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dc.contributor.authorOh, Seongshik
dc.date.accessioned2016-10-26T15:02:47Z
dc.date.available2016-10-26T15:02:47Z
dc.date.issued2016-10-17
dc.identifier.urihttp://hdl.handle.net/1853/55971
dc.descriptionPresented on October 17, 2016 at 3:00 p.m. in the Marcus Nanotechnology Building, Room 1117en_US
dc.descriptionSeongshik Oh is a faculty member in the Department of Physics and Astronomy at Rutgers University. He is a member of the Condensed Matter Experiment Group.en_US
dc.descriptionRuntime: 67:32 minutesen_US
dc.description.abstractAbout a decade ago, a little after graphene was discovered, a few theoretical physicists proposed that all solids can be grouped into different classes according to their band structure topologies: depending on which group of the topological families the solid belongs to, it is supposed to carry distinct electronic properties. This notion of topology applied to the band structure of materials gave rise to the birth of topological materials as a new paradigm of condensed matter physics. In particular, according to these theories, all insulators can be grouped into either of the two material classes: topological vs. trivial insulators. The conventional insulators we know are all trivial insulators but several materials such as Bi2Se3, Bi2Te3 and Sb2Te3 were proposed and later confirmed to be topological insulators (TIs), which are supposed to be insulating in the bulk but guaranteed to be metallic on their surfaces. Because of the strongly mathematical nature of the concept of topology, once the notion of topology started being applied to material systems, numerous theoretical proposals for various exotic functionalities have emerged. Nevertheless, only a very small set of those proposals have been realized, mostly due to various defect problems. In this talk, I will review and provide a perspective to the field, while discussing how to overcome these defect problems through thin film engineering schemes.en_US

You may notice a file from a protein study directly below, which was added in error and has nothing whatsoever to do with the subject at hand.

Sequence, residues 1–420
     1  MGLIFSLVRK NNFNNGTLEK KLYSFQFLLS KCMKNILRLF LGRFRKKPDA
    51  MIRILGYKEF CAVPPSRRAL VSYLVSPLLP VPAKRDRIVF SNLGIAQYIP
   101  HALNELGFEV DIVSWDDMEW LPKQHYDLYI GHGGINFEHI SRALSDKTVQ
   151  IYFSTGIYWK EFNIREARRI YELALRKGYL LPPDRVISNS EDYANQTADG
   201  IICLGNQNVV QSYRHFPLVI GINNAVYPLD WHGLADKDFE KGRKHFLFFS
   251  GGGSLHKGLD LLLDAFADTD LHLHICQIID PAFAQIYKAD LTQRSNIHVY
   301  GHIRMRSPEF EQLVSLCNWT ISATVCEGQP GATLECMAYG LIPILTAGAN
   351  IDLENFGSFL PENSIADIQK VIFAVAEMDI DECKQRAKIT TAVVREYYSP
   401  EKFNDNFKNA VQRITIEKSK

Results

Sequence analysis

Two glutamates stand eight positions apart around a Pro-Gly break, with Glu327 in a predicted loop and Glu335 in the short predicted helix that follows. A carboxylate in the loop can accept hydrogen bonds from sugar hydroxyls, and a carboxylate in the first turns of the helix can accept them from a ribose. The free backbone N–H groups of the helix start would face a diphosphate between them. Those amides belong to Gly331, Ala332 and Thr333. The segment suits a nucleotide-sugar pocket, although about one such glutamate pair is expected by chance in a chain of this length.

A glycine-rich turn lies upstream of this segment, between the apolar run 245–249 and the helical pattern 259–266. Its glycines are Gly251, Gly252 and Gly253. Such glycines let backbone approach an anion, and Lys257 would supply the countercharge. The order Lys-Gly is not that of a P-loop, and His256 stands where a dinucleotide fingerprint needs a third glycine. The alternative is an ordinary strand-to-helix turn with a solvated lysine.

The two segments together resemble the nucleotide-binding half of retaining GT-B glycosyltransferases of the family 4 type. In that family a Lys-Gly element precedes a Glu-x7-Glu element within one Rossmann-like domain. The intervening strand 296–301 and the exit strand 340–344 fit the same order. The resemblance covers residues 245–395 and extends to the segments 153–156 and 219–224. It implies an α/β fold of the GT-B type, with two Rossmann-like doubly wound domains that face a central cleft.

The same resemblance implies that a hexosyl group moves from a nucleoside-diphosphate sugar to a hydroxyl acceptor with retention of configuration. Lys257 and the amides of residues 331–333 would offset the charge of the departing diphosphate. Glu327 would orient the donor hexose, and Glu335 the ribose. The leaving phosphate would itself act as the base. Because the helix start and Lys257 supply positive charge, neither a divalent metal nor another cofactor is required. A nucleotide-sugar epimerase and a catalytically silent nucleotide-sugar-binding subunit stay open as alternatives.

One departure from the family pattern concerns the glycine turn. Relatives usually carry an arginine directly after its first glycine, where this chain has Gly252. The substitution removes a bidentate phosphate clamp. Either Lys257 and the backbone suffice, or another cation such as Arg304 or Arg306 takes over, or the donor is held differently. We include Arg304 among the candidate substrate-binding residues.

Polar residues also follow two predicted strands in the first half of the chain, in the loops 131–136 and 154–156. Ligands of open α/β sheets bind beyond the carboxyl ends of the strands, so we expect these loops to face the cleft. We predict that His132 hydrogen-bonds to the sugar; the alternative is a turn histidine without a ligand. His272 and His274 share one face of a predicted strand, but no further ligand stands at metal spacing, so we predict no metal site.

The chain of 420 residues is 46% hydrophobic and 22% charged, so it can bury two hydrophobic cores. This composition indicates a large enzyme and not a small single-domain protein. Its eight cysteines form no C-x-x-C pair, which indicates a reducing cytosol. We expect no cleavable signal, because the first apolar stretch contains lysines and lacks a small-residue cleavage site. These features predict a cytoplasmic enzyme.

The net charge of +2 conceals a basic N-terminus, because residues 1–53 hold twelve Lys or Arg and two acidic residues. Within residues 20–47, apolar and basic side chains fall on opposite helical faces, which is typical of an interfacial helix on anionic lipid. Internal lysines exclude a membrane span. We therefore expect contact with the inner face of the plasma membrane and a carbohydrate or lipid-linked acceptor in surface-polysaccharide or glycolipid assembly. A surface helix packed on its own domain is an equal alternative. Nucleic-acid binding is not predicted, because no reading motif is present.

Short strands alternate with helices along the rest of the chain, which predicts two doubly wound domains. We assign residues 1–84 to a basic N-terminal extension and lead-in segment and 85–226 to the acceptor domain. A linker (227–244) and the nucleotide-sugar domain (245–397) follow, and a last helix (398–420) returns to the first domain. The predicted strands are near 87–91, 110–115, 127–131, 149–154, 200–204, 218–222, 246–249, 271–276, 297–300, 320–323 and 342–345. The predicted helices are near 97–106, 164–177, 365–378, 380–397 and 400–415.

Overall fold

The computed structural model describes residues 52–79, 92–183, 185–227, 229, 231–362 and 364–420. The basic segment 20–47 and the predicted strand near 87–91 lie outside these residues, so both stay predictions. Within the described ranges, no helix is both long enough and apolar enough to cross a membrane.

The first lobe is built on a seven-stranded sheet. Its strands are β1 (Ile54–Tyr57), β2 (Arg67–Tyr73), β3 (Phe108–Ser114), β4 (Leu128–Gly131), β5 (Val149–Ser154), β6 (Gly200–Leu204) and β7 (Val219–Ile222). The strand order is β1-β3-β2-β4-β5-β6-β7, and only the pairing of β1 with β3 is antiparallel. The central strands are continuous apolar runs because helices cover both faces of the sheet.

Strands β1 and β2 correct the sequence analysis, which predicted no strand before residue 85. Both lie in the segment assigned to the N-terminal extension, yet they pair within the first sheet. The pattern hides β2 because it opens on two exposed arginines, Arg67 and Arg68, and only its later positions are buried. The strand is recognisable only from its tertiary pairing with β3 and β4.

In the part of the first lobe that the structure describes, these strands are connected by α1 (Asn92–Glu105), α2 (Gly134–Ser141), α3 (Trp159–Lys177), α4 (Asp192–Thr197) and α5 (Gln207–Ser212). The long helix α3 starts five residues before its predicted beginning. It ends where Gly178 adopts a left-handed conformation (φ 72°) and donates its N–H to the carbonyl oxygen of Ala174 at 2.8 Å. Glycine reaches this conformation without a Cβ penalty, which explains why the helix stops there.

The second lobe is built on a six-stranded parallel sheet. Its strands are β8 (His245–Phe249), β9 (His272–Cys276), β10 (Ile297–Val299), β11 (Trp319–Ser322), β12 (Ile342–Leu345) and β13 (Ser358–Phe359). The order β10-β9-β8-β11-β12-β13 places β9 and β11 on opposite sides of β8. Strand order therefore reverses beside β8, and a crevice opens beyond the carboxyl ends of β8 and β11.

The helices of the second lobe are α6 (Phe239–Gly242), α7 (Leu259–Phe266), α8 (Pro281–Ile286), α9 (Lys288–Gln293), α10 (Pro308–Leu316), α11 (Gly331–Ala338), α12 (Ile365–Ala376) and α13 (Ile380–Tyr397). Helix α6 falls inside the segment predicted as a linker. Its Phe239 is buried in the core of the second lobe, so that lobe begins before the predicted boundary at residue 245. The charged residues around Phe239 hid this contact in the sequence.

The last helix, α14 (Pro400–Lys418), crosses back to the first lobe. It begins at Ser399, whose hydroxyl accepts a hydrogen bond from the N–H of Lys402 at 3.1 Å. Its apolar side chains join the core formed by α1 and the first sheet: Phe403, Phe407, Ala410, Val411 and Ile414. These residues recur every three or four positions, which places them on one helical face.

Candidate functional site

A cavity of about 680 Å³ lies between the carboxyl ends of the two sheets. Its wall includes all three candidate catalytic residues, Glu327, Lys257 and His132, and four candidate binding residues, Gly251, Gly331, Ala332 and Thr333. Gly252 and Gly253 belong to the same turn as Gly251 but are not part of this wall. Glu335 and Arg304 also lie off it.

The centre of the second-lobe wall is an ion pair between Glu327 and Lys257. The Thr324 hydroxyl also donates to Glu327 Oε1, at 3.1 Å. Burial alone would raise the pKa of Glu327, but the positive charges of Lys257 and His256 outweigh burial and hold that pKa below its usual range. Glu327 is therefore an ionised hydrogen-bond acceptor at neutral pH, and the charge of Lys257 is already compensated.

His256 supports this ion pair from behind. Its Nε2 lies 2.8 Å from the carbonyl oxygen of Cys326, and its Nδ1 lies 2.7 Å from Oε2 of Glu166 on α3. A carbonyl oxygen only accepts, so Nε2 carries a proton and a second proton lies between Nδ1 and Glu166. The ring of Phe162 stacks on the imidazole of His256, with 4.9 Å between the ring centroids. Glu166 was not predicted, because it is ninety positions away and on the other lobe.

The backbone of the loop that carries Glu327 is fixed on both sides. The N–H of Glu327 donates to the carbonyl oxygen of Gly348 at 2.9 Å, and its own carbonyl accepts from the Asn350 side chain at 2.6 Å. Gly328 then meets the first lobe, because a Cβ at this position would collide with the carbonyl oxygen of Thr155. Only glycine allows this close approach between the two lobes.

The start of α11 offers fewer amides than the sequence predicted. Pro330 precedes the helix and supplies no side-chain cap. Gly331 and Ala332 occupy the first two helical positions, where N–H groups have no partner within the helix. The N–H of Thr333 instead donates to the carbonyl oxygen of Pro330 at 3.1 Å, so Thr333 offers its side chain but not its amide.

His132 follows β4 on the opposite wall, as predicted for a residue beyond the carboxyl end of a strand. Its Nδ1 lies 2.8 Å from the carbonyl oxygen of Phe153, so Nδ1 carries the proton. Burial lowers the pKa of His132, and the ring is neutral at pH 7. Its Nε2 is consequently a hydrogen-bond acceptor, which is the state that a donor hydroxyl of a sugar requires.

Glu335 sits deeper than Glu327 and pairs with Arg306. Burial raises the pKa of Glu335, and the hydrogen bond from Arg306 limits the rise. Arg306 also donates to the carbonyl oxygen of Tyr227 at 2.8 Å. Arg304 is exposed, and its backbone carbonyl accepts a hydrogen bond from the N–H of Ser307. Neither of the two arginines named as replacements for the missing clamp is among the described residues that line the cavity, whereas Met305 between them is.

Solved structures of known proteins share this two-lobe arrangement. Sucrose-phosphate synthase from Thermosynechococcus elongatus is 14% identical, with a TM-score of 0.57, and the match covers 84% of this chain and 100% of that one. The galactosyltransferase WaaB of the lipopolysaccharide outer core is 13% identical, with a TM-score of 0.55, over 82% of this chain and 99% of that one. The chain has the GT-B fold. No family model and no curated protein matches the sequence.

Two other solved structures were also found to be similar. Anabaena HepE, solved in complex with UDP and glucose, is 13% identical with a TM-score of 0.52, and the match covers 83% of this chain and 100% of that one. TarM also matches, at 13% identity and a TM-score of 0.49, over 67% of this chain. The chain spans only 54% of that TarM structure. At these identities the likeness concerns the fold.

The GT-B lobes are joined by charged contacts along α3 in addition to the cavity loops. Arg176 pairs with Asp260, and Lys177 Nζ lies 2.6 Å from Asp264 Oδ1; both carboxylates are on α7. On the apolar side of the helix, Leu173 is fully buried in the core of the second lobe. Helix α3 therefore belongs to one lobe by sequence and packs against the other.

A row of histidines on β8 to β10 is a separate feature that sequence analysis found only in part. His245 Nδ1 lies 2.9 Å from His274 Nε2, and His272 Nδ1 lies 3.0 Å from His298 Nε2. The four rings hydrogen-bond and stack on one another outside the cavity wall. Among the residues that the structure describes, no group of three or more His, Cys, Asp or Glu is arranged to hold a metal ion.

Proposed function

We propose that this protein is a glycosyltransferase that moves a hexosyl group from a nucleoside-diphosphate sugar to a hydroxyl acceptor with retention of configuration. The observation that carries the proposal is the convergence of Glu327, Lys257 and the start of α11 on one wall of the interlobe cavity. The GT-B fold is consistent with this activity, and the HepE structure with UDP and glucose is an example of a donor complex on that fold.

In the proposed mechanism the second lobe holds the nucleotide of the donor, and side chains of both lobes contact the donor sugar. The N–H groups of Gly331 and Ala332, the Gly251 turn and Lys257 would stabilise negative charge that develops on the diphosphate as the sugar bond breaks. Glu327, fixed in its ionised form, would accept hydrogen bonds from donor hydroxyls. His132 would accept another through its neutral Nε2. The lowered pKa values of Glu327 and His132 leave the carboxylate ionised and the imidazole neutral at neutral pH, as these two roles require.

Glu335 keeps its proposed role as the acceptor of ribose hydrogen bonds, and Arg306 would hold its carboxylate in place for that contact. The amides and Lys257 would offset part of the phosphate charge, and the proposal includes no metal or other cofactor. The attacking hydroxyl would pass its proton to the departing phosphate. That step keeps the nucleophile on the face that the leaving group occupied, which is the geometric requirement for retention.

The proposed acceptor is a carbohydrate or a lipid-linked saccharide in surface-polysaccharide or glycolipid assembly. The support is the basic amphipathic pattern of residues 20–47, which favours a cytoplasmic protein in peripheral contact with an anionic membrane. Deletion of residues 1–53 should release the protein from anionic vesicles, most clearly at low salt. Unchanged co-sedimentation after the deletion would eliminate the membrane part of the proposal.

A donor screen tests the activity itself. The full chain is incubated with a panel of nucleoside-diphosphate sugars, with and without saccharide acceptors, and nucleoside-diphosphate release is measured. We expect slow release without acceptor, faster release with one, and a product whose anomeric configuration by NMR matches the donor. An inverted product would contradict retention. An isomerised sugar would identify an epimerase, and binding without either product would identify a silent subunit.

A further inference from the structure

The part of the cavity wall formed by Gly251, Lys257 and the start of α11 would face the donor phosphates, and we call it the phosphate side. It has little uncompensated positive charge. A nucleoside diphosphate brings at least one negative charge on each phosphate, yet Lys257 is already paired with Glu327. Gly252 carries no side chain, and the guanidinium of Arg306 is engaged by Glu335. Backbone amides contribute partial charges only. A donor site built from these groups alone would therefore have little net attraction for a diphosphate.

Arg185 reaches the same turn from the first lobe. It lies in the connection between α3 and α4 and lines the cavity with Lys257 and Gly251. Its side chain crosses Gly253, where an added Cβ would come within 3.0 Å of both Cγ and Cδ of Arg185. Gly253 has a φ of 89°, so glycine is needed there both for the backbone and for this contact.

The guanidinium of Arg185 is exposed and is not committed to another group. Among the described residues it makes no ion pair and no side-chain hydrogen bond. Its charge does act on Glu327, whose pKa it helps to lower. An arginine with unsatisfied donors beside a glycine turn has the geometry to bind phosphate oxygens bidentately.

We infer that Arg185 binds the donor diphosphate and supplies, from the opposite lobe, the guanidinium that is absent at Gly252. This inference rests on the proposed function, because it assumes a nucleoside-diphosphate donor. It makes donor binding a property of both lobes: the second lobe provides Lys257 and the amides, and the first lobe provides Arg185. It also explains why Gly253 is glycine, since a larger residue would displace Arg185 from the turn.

dc.format.extent00:00 minutes
dc.format.extent67:32 minutes
dc.publisherGeorgia Institute of Technologyen_US
dc.relation.ispartofseriesPhysics Colloquiumen_US
dc.subjectThin filmsen_US
dc.subjectTopological insulatorsen_US
dc.titleThin film topological insulators: where do we stand and where are we headed?en_US
dc.typeLectureen_US
dc.typeVideoen_US
dc.contributor.corporatenameGeorgia Institute of Technology. School of Physicsen_US
dc.contributor.corporatenameRutgers University. Dept. of Physics and Astronomyen_US


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